Monday, April 03, 2017

MAKING THE GRADE - Special Education Ruling

"Is this Supreme Court ruling a game changer for special education?" PBS NewsHour 3/28/2017


SUMMARY:  The Supreme Court recently ruled unanimously in favor of providing more educational opportunities for students with disabilities, a move that could set the bar higher for more than six million students.  Lisa Stark of Education Week joins John Yang to discuss the court's ruling and what it means for the classroom.

JUDY WOODRUFF (NewsHour):  Now, a Supreme Court ruling that could have a significant impact on special education in schools around the U.S.

John Yang is back with that story for our weekly education segment, Making the Grade.

JOHN YANG (NewsHour):  Amid all of the big news last week, this stunning ruling may have been overlooked.

The court unanimously ruled that schools must give students with disabilities the chance to make meaningful and appropriately ambitious progress.  That could set the bar higher for more than six million students nationwide.

Lisa Stark of our partner Education Week has been covering this story and joins me now.

Lisa, thanks for being here.

LISA STARK, Education Week:  Thanks, John.

JOHN YANG:  What was this case about?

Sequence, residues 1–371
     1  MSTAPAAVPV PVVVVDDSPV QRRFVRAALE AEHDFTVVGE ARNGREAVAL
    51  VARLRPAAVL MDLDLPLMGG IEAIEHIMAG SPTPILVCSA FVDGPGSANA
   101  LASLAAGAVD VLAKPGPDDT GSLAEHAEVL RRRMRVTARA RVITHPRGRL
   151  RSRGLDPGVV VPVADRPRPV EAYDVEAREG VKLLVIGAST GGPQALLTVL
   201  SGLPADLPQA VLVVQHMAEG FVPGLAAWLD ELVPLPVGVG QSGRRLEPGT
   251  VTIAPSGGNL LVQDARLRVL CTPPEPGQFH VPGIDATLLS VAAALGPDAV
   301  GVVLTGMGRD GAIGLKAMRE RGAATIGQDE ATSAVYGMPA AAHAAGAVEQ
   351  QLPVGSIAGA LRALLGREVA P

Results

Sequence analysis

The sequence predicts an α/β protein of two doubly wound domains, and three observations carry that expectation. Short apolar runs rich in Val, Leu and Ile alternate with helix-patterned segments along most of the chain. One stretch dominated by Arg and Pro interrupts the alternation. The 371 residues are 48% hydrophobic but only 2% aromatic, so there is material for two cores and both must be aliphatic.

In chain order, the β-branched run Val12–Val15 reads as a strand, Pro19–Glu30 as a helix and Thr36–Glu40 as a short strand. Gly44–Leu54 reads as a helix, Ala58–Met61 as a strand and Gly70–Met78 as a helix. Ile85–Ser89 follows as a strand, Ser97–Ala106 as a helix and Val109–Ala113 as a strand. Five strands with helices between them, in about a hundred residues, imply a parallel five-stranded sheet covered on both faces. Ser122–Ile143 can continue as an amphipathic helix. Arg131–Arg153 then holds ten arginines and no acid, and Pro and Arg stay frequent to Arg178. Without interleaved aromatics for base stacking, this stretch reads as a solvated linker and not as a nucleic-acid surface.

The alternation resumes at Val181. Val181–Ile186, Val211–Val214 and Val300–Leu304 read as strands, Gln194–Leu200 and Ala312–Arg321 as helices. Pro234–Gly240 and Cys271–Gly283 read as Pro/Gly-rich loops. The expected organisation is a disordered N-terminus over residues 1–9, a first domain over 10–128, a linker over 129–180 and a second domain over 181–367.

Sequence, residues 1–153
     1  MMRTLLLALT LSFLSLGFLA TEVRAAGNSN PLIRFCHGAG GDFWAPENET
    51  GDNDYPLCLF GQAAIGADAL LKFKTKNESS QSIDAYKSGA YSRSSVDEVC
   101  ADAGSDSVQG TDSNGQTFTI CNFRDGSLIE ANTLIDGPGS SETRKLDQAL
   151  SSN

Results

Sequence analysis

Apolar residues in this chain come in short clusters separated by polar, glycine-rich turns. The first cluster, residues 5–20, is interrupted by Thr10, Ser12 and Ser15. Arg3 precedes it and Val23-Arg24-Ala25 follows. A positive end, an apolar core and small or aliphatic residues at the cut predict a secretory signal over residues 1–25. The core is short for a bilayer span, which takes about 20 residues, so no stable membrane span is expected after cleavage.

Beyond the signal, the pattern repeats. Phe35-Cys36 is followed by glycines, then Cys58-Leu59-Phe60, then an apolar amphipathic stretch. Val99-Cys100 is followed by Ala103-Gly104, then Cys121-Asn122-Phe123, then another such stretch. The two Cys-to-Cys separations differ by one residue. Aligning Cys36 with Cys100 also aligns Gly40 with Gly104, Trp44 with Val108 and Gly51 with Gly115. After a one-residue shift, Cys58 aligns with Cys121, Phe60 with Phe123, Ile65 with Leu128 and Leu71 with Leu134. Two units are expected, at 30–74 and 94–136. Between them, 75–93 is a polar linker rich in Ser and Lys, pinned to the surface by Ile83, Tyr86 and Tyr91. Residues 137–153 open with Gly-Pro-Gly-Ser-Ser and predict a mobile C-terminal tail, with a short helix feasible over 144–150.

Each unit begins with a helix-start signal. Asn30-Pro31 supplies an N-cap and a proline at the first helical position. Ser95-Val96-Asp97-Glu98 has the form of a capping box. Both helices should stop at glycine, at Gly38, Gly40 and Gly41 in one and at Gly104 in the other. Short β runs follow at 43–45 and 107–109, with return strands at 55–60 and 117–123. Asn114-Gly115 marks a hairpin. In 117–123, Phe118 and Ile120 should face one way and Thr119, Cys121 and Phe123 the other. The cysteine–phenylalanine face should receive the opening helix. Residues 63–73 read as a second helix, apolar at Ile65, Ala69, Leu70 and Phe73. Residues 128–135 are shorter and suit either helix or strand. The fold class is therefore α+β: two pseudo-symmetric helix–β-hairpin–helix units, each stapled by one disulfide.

LISA STARK:  Well, the heart of this case is really, what educational benefit do schools need to provide to these students.

It's a case out of Colorado, involved a boy named Drew.  He has autism.  The case was filed when he was 10.  He's now 17.  His parents pulled him out of the fourth grade in the Douglas County Public Schools — that's right outside Denver — because they were concerned.

His behavior was deteriorating.  And they also felt that he wasn't really getting any educational benefit, as required by law.  They put him in a private school for autistic kids, and then they sued the district.

And they said, look, if you're not providing the appropriate education, you need to pay for this private school.

Well, the lower courts all ruled against the family.  And, in fact, the 10th Circuit ruled, the appeals court ruled that school district only had to provide something that was merely more than de minimis, in other words, a very trivial benefit to the child.

The Supreme Court, as you indicated, totally rejected that.  It was a unanimous decision.  The court ruled 8-0 that, in fact, education programs must be appropriately ambitious, in light of each child's circumstance, and they must be challenged.  The kids have to have challenging objectives.

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